that the charge was not stored in the water,
but the glass. The water was merely
a conductive path from the probe to the jar. Today, we would
call the Leyden jar a capacitor, or a
charge-storing device. And when he chained
many jars together, he founded he could increase
the capacity even more, and release deadly
bolts of electricity. And over the years, people
focused on more effective ways of building up charge using
friction machines which could be stored in
capacitors and released as spectacular displays
of man-made lightning. And over the next
50 years, people tried to design systems
for sending sparks across greater distances using
longer wires and more powerful discharges. However, sending
electrostatic discharges as a communication
method seemed clumsy, archaic, and was no
improvement over the existing optical telegraphs of the day. They were widely ignored
by government and industry. Though tides were rising–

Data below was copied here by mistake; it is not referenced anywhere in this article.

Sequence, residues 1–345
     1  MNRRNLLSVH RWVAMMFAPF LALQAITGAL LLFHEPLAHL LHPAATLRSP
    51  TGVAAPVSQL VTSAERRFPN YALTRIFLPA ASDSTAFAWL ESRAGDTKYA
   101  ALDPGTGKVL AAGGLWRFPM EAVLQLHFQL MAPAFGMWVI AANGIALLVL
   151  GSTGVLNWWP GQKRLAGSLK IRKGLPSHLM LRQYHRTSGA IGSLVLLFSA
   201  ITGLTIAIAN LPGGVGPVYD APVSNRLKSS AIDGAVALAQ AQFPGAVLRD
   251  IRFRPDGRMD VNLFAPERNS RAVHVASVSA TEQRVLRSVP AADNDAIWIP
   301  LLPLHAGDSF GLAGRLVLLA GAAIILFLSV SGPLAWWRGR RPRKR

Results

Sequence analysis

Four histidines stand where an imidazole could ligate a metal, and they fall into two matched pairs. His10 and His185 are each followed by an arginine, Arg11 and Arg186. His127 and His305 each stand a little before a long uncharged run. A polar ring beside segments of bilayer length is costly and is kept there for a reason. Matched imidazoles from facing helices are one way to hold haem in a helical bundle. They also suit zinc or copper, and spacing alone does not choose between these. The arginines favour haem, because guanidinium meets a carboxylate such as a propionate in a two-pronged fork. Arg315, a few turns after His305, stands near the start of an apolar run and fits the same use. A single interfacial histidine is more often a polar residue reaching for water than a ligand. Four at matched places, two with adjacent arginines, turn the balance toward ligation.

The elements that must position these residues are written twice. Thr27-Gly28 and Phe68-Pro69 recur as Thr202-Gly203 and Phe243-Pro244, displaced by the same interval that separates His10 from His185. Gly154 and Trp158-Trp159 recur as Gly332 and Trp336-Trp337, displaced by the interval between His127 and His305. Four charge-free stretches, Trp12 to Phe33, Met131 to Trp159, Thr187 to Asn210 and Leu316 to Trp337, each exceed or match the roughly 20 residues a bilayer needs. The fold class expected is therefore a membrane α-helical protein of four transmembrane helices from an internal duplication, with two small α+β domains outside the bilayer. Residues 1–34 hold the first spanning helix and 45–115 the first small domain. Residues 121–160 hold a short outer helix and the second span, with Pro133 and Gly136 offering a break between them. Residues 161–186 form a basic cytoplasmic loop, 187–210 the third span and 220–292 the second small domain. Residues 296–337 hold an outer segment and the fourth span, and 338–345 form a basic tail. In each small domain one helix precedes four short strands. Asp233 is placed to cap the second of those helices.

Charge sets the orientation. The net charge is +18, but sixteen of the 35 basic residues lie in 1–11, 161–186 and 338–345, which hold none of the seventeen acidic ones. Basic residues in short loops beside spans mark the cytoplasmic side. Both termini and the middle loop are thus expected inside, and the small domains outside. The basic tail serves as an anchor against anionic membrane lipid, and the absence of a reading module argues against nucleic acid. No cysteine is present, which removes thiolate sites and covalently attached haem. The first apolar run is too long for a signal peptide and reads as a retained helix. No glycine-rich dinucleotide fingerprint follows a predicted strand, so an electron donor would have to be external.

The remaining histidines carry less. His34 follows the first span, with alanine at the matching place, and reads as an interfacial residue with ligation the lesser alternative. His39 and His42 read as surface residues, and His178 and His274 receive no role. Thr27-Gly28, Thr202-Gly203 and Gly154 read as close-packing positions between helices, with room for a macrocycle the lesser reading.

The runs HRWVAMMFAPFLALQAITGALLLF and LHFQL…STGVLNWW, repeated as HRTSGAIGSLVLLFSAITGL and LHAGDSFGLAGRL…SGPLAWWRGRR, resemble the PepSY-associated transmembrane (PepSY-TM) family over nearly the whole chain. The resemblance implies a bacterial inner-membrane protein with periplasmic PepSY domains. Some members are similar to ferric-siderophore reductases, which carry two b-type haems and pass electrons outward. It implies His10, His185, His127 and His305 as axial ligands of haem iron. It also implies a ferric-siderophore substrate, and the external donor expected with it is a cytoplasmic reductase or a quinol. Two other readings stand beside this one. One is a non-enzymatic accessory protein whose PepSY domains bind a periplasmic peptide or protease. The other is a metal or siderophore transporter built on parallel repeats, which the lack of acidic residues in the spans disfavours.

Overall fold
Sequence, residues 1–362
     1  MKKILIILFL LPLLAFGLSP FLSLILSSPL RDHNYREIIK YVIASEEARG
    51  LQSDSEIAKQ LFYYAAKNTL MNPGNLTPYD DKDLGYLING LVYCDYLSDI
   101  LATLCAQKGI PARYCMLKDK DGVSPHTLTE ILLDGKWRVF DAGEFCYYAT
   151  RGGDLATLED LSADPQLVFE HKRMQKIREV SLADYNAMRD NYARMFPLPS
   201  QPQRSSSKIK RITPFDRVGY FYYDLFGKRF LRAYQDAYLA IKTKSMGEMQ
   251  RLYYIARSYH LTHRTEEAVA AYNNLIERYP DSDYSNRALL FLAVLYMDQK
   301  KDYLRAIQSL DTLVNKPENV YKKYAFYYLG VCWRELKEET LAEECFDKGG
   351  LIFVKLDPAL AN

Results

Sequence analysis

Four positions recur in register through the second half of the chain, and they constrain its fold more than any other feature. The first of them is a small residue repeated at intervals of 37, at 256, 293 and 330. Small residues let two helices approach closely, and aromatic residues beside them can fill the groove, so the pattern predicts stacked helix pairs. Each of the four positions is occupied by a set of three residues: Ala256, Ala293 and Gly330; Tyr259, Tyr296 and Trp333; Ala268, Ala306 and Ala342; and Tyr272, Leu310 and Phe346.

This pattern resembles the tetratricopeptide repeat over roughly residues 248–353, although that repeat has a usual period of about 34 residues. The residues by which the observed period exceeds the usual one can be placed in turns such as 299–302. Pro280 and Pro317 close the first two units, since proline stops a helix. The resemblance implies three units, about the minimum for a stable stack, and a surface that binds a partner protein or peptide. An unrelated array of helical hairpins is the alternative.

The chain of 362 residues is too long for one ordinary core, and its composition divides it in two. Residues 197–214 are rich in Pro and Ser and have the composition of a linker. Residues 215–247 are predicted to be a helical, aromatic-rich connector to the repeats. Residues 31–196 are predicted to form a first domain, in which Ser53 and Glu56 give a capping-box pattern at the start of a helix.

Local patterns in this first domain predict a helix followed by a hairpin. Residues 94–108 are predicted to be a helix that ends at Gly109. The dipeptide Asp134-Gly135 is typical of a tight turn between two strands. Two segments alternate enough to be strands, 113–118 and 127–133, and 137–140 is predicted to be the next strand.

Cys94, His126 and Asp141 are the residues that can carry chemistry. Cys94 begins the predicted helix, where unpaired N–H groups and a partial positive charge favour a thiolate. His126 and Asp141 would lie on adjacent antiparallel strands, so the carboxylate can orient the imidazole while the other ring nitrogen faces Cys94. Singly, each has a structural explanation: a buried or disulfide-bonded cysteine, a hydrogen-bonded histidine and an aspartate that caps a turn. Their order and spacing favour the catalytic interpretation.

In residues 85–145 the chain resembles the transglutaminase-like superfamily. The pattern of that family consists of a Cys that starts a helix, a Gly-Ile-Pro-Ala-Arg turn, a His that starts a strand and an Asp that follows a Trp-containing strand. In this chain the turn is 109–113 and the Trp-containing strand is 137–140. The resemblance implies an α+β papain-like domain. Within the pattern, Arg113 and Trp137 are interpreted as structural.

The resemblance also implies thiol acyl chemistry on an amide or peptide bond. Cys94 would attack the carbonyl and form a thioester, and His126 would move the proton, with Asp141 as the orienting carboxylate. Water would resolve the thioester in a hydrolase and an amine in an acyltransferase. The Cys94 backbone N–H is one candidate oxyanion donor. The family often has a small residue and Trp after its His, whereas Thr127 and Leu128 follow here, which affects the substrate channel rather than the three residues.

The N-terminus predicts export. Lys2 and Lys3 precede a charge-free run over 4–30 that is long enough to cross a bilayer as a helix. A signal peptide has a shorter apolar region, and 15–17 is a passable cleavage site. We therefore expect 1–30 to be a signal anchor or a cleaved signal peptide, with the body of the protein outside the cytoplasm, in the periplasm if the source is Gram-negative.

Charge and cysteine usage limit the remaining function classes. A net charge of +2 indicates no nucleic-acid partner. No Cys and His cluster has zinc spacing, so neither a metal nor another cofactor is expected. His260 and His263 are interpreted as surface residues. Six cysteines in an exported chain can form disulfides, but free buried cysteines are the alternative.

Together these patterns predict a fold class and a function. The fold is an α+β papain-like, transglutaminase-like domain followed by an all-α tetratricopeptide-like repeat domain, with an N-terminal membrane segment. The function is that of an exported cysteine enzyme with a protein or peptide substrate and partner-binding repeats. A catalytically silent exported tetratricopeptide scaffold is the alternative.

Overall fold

an electric revolution was just around the corner.

23 Comments

  1. Jacob Manson

    February 16, 2013 at 10:20 am

    very very well done.

  2. isaac0060

    February 16, 2013 at 6:16 pm

    YOU LEAVE US WANTING MORE EACH TIME!!!!!!!!!!!!!

  3. UnPuntoCircular

    February 16, 2013 at 6:42 pm

    I love how you go from the very beginning, explaining the historic context and how the discoveries were made. This is how science must be taught!… Thanks. Your videos are amazing, interesting and highly educational.

  4. Crux161

    February 16, 2013 at 7:08 pm

    Another cliffhanger… Can't wait for the next one!

  5. SuperBase555

    February 18, 2013 at 2:06 am

    Thanks for the fun and educative videos. Can't wait for the next video on the Language of Coins!

  6. Mr. V

    February 18, 2013 at 8:06 am

    Good job!! (Nice cat too!)

  7. JohnDubya

    February 18, 2013 at 10:46 pm

    The cat's reactions are a mix between, "WTF, dude?!" and "Keep doing that, human."

  8. toakleaf

    February 19, 2013 at 1:02 am